#52. Gurugram-based healthcare firm Breathe Well-being laid off nearly 50 workers or about 30% of its whole workforce over the past several weeks in an effort to reduce costs and expand its runway.
The teams that were affected by the layoffs included operations, technology, sales, and talent acquisition, among others.
#53. About 1.70 million people had lost their jobs and finished temporary employment in the United States in 2023.
Monthly number of job losers in the United States in 2023. The graph given below describes that in the United States number of people have lost their jobs.
In January 2023 number of people who lost their jobs is 2.53 million, other monthly statistics are followed by February (2.75 million), March (2.95 million), April (2.64 million), May (2.96 million), June (2.9 million), July (2.62 million), and August (2.91 million).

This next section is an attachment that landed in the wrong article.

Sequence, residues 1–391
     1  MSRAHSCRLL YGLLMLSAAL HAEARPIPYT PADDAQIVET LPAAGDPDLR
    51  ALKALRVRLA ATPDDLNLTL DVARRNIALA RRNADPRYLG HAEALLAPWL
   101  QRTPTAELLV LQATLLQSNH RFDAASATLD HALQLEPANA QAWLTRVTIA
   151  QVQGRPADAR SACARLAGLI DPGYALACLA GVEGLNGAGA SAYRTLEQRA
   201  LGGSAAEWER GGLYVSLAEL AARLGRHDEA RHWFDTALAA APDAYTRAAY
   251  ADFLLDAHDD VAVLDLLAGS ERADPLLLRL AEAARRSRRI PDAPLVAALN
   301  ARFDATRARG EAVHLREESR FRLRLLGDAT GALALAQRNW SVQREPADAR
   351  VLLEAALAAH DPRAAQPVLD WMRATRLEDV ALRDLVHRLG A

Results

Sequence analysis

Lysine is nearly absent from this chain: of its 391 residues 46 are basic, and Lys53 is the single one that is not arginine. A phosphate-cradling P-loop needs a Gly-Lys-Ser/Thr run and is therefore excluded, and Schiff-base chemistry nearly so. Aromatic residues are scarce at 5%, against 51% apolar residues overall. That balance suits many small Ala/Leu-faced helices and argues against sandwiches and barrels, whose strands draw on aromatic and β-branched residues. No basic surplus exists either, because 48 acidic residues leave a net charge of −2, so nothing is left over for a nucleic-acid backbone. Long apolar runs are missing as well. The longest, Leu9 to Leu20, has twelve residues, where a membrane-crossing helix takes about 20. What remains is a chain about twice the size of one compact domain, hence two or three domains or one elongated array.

Tech Companies That Have Stopped Hiring Or Slowed Down
Major companies have not had to make any significant layoffs. However, some are slowing or stopping hiring due to weak tech demand and disappointing profitability while assuring their workforce that no job cuts are on the horizon. Many of these hiring pauses affect only specific departments rather than companywide, as was the case with Microsoft.
#54. Microsoft Company reduced hiring for its Office, Windows, and Teams software groups.
Microsoft Company has slowed hiring for its Office, Windows, and Teams software groups. This slowdown is only for those teams as they have experienced significant growth in recent months. A Microsoft representative told Bloomberg that Microsoft is “making sure that the right resources align with the right opportunity” in the new fiscal year.
#55. Lyft Company is slowing hiring to concentrate on important open positions.
Lyft Company president John Zimmer told staff members in a memo that cost-cutting measures would be taken due to “an economic slowdown and the drastic change in investor sentiment.”
#56. According to an internal memo, Salesforce reduced employment and other costs, such as business travel and some future off-site meetings.